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Full Online Book HomeLong StoriesThe Lion's Share - Chapter 44. End Of The Concert
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The Lion's Share - Chapter 44. End Of The Concert Post by :infinet Category :Long Stories Author :Arnold Bennett Date :May 2012 Read :3233

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The Lion's Share - Chapter 44. End Of The Concert


The first item after the true interval was the Chaconne of Bach, which Musa had played upon a memorable occasion in Frinton. He stood upon the platform utterly alone, against a background of empty chairs, double-basses and drums. He seemed to be unfriended and forlorn. It appeared to Audrey that he was playing with despair. She wished, as she looked from Musa to the deserted places in the body of the hall, that the piece was over, and that the entire concert was over. How could anyone enjoy such an arid maze of sounds? The whole theory of classical composition and its vogue was hollow and ridiculous. People did not like the classics; they could not and they never would. Now a waltz ... after a jolly dinner and wine! ... But the Chaconne! But Bach! But culture! The audience was visibly and audibly restless. For about two hundred years the attempt to force this Chaconne upon the public had been continuous, and it was still boring them. Of course it was! The thing was unnatural.

And she herself was a fool; she was a ninny. And the alleged power of money was an immense fraud. She had thought to perform miracles by means of a banking account. For a moment she had imagined that the miracles had come to pass. But they had not come to pass. The public was too old, too tired, and too wary. It could not thus be tricked into making a reputation. The forces that made reputations were far less amenable than she had fancied. The world was too clever and too experienced for her ingenuous self. Geniuses were not lying about and waiting to be picked up. Musa was not a genius. She had been a simpleton, and the sacred Quarter had been a simpleton. She was rather angry with Musa for not being a genius. And the confidence which he had displayed a few hours earlier was just grotesque conceit! And men and women who were supposed to be friendly human hearts were not so in truth. They were merely indifferent and callous spectators. The Foas, for example, were chattering in their box, apparently oblivious of the tragedy that was enacting under their eyes. But then, it was perhaps not a tragedy; it was perhaps a farce.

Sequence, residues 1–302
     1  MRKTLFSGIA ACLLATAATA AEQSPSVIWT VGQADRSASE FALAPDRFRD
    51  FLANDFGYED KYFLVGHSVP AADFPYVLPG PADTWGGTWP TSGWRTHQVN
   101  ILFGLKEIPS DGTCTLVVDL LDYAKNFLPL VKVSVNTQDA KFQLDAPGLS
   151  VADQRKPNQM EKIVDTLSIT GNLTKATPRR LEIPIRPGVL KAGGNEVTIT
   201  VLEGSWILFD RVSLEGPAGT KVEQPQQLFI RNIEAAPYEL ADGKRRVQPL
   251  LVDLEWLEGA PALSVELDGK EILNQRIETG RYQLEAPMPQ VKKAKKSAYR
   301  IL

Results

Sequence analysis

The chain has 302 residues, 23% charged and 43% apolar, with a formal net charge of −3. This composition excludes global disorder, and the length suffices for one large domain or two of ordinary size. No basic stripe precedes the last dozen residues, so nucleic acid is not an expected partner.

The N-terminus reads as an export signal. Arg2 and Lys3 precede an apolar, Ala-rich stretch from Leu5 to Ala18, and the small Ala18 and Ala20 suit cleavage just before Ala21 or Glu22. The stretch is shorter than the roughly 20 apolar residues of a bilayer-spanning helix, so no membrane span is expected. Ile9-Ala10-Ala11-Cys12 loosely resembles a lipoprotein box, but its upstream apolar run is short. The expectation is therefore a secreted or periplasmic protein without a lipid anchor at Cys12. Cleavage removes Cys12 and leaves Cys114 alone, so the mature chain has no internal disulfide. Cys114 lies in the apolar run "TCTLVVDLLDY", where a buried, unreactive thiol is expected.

And what would these self-absorbed spectators of existence say and do, if and when it was known that she was no longer a young woman of enormous wealth? Would Dauphin have sought to compel her to enter his studio had he been aware that her fortune had gone tip in smoke? She was not in a real world. She was in a world of shams. And she was a sham in the world of shams. She wanted to be back again in the honest realities of Moze, where in the churchyard she could see the tombs of her great-great-grandfathers. Only one extraneous interest drew her thoughts away from Moze. That interest was Mr. Gilman. Mr. Gilman was her conquest and her slave. She adored him because he was so wistful and so reliable and so adoring. Mr. Gilman sat intent and straight upright in Madame Piriac's box and behaved just as though Bach himself was present. He understood nothing of Bach, but he could be trusted to behave with benevolence.

The music suddenly ceased. The Chaconne was finished. The gallery of enthusiasts still applauded with vociferation, with mystic faith, with sublime obstinacy. It was carrying on a sort of religious war against the base apathy of the rest of the audience. It was determined to force its belief down the throats of the unintelligent mob. It had made up its mind that until it had had its way the world should stand still. No encore had yet been obtained, and the gallery was set on an encore. The clapping fainted, expired, and then broke into new life, only to expire again and recommence. A few irritated persons hissed. The gallery responded with vigour. Musa, having retired, reappeared, very white, and bowed. The applause was feverish and unconvincing. Musa vanished. But the gallery had thick soles and hard hands and stout sticks, even serviceable umbrellas. It could not be appeased by bows alone. And after about three minutes of tedious manoeuvring, Musa had at last to yield an encore that in fact nobody wanted. He played a foolish pyrotechnical affair of De Beriot, which resembled nothing so much as a joke at a funeral. After that the fate of the concert could not be disputed even by the gallery. At the finish of the evening there was, in the terrible idiom of the theatre, "not a hand."